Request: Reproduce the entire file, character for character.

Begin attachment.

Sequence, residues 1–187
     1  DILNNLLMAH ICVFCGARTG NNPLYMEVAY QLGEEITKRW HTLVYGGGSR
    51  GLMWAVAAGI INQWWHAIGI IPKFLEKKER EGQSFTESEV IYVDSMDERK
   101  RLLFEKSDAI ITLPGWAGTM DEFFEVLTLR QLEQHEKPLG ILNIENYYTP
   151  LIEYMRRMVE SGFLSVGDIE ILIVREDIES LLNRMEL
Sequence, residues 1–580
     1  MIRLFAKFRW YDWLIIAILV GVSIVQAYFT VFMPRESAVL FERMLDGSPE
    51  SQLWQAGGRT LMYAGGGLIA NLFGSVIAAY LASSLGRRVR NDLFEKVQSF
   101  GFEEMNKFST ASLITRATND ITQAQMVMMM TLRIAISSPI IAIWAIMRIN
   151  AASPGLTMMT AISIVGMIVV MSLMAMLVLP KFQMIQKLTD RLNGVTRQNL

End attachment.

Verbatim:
Sequence, residues 1–187
     1  DILNNLLMAH ICVFCGARTG NNPLYMEVAY QLGEEITKRW HTLVYGGGSR
    51  GLMWAVAAGI INQWWHAIGI IPKFLEKKER EGQSFTESEV IYVDSMDERK
   101  RLLFEKSDAI ITLPGWAGTM DEFFEVLTLR QLEQHEKPLG ILNIENYYTP
   151  LIEYMRRMVE SGFLSVGDIE ILIVREDIES LLNRMEL
Sequence, residues 1–580
     1  MIRLFAKFRW YDWLIIAILV GVSIVQAYFT VFMPRESAVL FERMLDGSPE
    51  SQLWQAGGRT LMYAGGGLIA NLFGSVIAAY LASSLGRRVR NDLFEKVQSF
   101  GFEEMNKFST ASLITRATND ITQAQMVMMM TLRIAISSPI IAIWAIMRIN
   151  AASPGLTMMT AISIVGMIVV MSLMAMLVLP KFQMIQKLTD RLNGVTRQNL